Japan searching for North Korean boat crew who fell into sea

The coast guard said it dispatched four patrol vessels and two aircraft after receiving calls reporting a capsized boat. (File/Shutterstock)
Updated 16 October 2019

Japan searching for North Korean boat crew who fell into sea

  • Officials say the boat capsized in a rich fishing ground frequented by North Korean poachers
  • Another North Korean boat sank in a recent incident after colliding with a Japanese fishing vessel

TOKYO: The Japanese coast guard was searching for crew members who fell into the sea from a wooden North Korean fishing boat that capsized off Japan’s northwestern coast, officials said Wednesday.
The coast guard said it dispatched four patrol vessels and two aircraft after receiving information of the capsizing earlier Wednesday.
Officials said the incident occurred near an area called Yamatotai, a rich fishing ground that’s also crowded with North Korean poachers.
Chief Cabinet Secretary Yoshihide Suga told reporters that a Japanese fisheries inspection ship received a distress call from another North Korean boat. He said the Japanese fisheries and coast guard patrol boats are jointly searching for the missing.
No further details were available, including the number of crew or why the boat capsized. It was not immediately known if the boat was inside Japan’s 200-mile (322-kilometer) exclusive economic zone, where the country has the right to all resources.
Last week, a North Korean boat in the area sank after a collision with a Japanese fisheries boat warning it to leave the Japanese exclusive economic zone. About 60 crew members of the North Korean steel boat were safely rescued by another boat from the North.
Japanese Fishing Agency and coast guard officials said they did not arrest the North Koreans because their boat had sunk and could not obtain proof they were fishing illegaly. The area is too deep to retrieve the sunken ship, officials said.
The government plans to release a video around the time of the collision.
Japan has stepped up sea patrols after noticing more North Korean boats as Pyongyang tries to boost fish harvests.


Karzai urges Ghani to drop truce as pre-condition for talks with Taliban

Updated 21 January 2020

Karzai urges Ghani to drop truce as pre-condition for talks with Taliban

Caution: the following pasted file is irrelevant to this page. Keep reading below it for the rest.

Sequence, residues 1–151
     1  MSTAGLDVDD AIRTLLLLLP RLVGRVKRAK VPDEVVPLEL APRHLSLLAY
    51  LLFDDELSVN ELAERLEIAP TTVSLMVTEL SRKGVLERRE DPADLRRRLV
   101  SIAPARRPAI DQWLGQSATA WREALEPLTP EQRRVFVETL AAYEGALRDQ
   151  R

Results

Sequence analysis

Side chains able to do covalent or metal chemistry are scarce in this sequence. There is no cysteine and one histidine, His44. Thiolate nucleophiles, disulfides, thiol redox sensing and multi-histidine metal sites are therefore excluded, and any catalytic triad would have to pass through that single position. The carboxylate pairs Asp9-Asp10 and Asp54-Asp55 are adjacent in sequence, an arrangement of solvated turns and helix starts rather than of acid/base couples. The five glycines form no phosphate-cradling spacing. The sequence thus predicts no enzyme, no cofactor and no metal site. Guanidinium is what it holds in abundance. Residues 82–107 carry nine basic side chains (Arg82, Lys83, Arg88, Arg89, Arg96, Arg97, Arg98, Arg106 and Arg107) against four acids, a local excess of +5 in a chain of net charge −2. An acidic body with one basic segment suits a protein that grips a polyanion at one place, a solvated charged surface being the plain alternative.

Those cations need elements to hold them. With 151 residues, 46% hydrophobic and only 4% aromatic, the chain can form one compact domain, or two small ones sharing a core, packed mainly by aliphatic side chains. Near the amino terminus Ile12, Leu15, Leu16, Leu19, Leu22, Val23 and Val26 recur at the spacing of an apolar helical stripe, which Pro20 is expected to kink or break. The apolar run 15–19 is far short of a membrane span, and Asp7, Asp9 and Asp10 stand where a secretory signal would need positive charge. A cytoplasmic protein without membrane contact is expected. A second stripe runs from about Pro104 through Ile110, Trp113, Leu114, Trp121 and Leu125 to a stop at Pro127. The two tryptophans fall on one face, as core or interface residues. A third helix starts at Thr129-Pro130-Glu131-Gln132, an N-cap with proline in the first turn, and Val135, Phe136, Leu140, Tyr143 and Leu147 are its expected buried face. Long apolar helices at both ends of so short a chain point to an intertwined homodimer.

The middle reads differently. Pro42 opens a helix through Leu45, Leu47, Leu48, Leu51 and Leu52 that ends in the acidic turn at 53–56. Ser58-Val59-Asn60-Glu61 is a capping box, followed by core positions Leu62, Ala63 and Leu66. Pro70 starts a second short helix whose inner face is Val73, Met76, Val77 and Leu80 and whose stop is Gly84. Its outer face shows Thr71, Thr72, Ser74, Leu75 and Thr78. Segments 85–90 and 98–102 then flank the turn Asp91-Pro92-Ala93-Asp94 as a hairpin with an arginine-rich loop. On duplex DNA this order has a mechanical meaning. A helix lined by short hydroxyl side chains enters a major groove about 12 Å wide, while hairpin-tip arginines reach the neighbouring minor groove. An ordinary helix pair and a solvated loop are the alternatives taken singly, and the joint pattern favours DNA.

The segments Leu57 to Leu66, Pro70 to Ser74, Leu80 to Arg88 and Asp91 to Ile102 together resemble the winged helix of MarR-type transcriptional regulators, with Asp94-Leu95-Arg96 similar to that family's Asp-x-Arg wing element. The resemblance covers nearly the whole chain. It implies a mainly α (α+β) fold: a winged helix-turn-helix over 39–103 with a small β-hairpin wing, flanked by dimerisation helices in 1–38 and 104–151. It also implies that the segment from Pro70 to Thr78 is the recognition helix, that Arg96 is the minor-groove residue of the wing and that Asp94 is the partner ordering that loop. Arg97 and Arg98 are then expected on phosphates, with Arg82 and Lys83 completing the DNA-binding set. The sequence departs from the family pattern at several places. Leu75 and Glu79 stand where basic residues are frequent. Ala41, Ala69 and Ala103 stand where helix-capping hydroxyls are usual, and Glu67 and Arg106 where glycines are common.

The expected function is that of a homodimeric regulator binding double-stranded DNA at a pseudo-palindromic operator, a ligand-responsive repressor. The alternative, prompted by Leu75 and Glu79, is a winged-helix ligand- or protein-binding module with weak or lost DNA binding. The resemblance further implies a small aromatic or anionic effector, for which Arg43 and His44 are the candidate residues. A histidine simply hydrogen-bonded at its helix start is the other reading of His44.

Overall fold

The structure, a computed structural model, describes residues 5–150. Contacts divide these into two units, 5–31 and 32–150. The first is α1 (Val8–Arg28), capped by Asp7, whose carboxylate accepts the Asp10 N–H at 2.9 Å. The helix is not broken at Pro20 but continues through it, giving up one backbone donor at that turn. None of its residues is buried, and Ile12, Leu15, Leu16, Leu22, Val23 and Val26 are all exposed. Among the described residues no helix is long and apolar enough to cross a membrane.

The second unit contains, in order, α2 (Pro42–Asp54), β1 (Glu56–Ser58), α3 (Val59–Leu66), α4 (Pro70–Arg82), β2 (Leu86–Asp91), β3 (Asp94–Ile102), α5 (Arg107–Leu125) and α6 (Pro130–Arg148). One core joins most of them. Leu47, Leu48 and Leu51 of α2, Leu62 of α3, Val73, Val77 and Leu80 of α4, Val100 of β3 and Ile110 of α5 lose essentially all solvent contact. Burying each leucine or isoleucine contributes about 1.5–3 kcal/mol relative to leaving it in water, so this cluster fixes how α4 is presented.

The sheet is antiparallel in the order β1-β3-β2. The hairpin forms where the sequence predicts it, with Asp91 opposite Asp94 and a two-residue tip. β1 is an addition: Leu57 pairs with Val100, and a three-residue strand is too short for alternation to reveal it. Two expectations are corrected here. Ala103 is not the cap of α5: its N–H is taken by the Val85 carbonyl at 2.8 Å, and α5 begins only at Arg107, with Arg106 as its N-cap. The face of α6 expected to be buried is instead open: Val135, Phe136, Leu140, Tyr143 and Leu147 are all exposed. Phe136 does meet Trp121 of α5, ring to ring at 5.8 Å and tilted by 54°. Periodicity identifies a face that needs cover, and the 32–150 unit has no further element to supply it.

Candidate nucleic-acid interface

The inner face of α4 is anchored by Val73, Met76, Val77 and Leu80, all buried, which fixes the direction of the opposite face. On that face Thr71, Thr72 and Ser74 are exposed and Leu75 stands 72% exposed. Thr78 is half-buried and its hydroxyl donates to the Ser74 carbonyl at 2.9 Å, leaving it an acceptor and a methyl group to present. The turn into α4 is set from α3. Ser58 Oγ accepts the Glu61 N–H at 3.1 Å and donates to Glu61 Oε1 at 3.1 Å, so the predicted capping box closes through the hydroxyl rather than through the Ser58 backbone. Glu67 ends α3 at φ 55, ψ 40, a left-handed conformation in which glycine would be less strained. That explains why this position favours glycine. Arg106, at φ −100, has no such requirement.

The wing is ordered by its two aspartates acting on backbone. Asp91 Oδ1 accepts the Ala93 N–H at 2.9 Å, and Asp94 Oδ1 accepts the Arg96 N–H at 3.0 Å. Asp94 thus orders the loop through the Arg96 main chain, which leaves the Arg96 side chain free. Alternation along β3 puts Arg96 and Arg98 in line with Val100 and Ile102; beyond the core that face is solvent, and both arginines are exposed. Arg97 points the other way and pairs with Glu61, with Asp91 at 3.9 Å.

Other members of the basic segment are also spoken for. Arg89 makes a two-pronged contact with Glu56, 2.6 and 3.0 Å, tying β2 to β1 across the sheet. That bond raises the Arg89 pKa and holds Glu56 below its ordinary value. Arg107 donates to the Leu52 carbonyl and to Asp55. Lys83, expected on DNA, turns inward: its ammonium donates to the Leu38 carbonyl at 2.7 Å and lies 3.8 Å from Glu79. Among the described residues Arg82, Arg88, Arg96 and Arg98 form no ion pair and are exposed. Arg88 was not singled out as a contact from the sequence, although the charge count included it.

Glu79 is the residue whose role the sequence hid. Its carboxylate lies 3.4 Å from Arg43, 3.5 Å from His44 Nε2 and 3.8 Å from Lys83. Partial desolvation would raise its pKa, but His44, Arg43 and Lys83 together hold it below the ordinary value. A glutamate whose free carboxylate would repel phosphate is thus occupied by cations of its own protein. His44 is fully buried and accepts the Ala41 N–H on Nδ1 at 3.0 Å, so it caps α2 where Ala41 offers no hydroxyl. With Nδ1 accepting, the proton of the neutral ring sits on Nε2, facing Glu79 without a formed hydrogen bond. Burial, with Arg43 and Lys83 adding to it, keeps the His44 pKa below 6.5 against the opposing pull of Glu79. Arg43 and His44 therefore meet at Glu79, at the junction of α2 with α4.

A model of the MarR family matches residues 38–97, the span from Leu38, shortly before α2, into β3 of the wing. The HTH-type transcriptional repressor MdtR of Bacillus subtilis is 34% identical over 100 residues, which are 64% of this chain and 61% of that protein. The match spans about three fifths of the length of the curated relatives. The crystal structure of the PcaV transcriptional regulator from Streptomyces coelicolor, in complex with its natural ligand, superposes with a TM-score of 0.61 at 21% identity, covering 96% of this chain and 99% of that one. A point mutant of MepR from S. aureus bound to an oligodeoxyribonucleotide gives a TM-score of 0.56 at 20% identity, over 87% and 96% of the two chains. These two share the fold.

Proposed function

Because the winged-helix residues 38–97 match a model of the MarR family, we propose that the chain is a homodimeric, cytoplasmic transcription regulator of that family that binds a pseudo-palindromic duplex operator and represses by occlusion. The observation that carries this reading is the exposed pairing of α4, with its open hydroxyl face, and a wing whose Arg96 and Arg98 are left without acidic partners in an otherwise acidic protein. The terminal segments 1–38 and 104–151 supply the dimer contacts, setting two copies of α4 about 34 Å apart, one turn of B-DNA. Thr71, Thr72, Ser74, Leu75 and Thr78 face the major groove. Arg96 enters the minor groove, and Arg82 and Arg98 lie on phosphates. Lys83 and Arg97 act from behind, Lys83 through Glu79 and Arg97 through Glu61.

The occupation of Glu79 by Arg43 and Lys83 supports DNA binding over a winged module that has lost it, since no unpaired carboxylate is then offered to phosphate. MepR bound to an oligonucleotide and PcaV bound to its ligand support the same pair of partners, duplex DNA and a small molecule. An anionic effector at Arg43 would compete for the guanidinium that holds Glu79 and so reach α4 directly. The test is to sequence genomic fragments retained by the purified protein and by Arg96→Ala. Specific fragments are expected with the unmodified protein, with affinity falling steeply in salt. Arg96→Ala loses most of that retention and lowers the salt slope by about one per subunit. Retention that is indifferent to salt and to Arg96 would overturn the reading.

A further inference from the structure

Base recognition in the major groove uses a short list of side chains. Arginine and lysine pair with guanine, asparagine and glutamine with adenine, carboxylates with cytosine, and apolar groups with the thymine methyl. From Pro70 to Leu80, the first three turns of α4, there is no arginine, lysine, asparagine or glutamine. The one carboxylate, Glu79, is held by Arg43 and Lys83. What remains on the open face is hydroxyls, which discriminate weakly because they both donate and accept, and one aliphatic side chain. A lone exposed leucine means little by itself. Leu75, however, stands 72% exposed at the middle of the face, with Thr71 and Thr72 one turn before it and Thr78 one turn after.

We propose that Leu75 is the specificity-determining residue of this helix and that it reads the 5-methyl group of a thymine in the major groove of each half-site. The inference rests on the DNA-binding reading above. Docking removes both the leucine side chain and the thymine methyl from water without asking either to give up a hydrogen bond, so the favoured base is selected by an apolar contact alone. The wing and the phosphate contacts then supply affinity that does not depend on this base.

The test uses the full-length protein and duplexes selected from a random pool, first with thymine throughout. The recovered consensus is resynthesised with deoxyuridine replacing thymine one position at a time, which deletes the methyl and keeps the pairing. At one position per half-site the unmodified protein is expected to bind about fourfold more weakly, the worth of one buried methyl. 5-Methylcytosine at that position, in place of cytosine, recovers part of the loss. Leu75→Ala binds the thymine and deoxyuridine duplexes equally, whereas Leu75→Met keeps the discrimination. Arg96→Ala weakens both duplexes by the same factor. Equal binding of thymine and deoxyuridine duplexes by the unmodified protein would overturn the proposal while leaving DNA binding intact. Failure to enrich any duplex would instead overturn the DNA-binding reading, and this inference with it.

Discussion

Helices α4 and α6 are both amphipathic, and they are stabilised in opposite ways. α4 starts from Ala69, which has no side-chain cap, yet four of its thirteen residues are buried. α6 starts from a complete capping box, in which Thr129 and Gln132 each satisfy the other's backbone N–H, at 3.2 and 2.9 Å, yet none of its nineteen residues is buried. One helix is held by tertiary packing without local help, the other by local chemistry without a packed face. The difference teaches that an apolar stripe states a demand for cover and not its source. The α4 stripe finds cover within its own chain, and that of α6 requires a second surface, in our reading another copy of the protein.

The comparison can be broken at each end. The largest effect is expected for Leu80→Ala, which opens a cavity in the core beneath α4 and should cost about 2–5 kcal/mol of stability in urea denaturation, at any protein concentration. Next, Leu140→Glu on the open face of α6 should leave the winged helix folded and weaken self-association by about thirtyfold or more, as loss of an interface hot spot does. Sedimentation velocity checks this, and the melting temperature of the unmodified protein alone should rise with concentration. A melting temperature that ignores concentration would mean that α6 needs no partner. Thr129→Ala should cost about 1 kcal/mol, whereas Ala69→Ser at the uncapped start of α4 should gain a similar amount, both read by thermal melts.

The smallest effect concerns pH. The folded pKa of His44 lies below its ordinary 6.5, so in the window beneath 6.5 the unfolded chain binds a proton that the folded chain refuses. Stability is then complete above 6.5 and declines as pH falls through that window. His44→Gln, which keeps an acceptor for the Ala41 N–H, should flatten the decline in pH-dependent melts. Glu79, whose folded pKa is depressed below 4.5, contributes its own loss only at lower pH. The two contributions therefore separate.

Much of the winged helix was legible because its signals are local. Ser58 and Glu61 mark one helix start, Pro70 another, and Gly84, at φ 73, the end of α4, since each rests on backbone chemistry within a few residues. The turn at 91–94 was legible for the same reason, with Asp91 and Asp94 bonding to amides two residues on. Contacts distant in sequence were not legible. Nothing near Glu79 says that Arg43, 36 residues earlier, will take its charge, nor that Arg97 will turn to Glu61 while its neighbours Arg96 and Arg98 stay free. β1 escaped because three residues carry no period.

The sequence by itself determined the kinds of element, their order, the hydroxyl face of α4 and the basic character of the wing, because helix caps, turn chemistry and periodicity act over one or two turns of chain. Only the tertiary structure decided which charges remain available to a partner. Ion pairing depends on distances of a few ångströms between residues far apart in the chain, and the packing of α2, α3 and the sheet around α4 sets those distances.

• Ex-president says Taliban offer to reduce violence a ‘major development’

KABUL: Former Afghan President Hamid Karzai has urged President Ashraf Ghani to drop the pre-condition of cease-fire to begin talks with the Taliban amid high hope that the US and Taliban delegates will sign a deal following more than a year of secret discussions.

Speaking in an interview with BBC local service, Karzai said the government “should not block intra-Afghan dialogue under the pretext of cease-fire.” He said the Taliban offer for reduction in violence as the group says is nearing to ink the deal with American diplomats in Qatar, was a “major development.”

He said Ghani needed to accept the Taliban offer.

Ghani says truce is a must ahead of starting any negotiations with the Taliban calling reduction in violence a general term and arguing that such a call by the Taliban political leaders in Qatar only goes to show that they have control over field commanders back in Afghanistan.

The Taliban say the group will announce truce when the intra-Afghan dialogue begins which will happen after Washington sets timetable for withdrawal of the troops.

Washington at least on one occasion called off the talks with the Taliban in Qatar due to Taliban attacks back in Afghanistan as discussions continued in Qatar despite none of the warring sides having committed to halt offensives during the talks.

Ghani’s government has been sidelined from all rounds of talks between the Taliban delegates and US diplomats led by Zalmay Khalilzad in Qatar. There has also been rift between Ghani and Dr. Abdullah Abdullah, who shares power with the president in the National Unity Government, on the pre-condition of cease-fire.

Unlike Ghani, Abdullah is happy with reduction of violence. Talking in a meeting of council of ministers, Abdullah on Monday indirectly said Ghani had taken the peace process in his monopoly.

 “Peace is not one person’s monopoly, one person’s wish — but it is a collective desire, and the people of Afghanistan have the right to take a position regarding the peace process,” said Abdullah.